It isn't always drama and trauma at our house. Sometimes, it's just small things that have a way of stabbing you in the heart with an icicle.
"What time is it?" I asked.
"5:80," he replied. Huh? The little hand was on the five, and the big hand was on the eight.
"The little hand is on the one. So, what hour is it?" I asked the next day.
"1," he replied. Correct. Whew.
"The big hand is just past the 2, so how many minutes is that?" I asked.
"20," he offered. Not the right answer, but I thought maybe I had an idea where he was going with this one. I decided to go for the explanation:
"The big hand counts off the minutes, and there are five minutes between each number." Blank stare. I counted the minutes off for him. Blank stare. Well, okay, then.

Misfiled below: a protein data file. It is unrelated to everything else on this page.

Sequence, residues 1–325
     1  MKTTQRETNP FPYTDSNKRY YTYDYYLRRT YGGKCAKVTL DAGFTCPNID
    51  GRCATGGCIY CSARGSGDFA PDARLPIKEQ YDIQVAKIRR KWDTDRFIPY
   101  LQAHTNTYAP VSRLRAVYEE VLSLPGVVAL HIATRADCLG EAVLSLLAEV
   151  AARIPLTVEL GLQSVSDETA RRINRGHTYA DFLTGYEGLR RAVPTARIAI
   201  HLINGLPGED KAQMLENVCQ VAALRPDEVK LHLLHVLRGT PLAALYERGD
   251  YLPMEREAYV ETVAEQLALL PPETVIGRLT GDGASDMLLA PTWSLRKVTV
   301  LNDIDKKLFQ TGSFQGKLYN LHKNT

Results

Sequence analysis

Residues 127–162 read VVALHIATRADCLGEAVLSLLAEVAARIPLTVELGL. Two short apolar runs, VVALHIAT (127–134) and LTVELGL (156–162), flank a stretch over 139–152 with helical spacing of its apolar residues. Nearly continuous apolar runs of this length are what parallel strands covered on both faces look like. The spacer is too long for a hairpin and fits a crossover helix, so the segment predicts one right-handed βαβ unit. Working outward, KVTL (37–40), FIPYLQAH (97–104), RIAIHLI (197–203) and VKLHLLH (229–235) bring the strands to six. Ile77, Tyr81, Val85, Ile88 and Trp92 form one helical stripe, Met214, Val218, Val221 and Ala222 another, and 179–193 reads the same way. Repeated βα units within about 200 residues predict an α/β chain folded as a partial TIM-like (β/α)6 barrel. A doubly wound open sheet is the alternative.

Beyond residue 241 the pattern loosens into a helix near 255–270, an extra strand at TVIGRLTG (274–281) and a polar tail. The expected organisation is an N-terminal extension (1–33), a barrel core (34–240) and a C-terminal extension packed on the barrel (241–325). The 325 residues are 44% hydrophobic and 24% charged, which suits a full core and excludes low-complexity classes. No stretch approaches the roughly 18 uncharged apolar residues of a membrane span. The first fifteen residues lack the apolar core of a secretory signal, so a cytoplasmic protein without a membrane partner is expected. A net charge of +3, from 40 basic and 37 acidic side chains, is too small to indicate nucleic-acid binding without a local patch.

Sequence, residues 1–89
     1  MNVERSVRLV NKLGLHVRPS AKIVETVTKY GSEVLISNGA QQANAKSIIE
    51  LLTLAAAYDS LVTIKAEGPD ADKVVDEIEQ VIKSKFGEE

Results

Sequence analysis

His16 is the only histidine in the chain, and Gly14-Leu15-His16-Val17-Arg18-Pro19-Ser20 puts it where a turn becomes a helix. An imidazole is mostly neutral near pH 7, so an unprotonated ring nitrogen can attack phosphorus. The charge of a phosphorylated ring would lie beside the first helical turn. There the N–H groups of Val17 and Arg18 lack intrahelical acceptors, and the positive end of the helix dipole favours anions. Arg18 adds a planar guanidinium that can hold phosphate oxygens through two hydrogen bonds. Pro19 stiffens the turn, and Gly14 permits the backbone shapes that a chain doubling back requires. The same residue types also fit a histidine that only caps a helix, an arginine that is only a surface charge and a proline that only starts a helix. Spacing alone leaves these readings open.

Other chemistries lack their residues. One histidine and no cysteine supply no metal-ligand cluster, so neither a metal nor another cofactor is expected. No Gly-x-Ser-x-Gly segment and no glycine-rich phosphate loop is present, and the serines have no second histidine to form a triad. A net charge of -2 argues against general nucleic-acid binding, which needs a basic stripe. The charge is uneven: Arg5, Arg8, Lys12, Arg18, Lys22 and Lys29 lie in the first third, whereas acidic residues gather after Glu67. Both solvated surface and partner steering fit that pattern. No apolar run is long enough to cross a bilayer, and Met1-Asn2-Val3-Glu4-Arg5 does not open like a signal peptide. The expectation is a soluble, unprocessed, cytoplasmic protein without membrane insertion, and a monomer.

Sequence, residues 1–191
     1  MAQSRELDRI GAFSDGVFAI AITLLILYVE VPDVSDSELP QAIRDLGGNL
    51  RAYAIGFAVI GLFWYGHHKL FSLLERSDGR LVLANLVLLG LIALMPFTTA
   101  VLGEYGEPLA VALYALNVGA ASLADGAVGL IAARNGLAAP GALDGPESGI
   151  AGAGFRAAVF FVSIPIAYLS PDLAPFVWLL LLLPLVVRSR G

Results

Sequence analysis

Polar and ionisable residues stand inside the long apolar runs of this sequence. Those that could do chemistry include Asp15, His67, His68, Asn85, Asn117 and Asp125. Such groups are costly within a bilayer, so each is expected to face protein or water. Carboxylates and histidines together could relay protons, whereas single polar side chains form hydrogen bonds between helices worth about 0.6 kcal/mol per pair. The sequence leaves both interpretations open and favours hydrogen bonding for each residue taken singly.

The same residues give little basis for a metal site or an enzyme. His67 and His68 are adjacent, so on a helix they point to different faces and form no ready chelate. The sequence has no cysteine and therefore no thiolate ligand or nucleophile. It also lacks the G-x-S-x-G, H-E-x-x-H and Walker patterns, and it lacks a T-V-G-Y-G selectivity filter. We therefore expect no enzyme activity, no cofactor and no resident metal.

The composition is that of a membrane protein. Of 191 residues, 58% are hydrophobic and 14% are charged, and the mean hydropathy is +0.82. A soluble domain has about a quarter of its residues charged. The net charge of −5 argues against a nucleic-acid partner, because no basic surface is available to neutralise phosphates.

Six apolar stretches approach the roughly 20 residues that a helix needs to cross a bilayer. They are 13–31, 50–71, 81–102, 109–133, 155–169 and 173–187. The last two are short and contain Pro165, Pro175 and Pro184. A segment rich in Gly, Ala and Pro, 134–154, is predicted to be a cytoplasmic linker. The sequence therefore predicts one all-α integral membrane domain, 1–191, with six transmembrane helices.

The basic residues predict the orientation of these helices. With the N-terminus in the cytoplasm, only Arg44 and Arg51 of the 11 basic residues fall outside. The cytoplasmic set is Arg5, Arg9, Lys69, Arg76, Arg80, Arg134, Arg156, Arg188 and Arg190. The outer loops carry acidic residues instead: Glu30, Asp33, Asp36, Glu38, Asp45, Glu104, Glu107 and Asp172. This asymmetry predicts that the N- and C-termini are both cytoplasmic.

Usually, it isn't a problem at all. He can tell time, no problem. Other times, I think I'd better get out his digital watch. But he always manages to set that on military time (24-hour time setting) somehow, and then he can't do the math, and it's even more confusing and frustrating. "Just subtract twelve, honey, and that'll be what time it is," I suggest helpfully.
But he can't (usually) do math in his head any more, something I realized not long ago. So I printed a sheet of basic math problems for him to try, and that didn't go well.
My husband is a guy who had a brilliant mind and a memory like a steel trap. Sometimes, you don't even realize when an ability has been lost. That loss has come about incrementally, like a thief stealing one small item at a time. You don't realize anything is missing until it's all gone.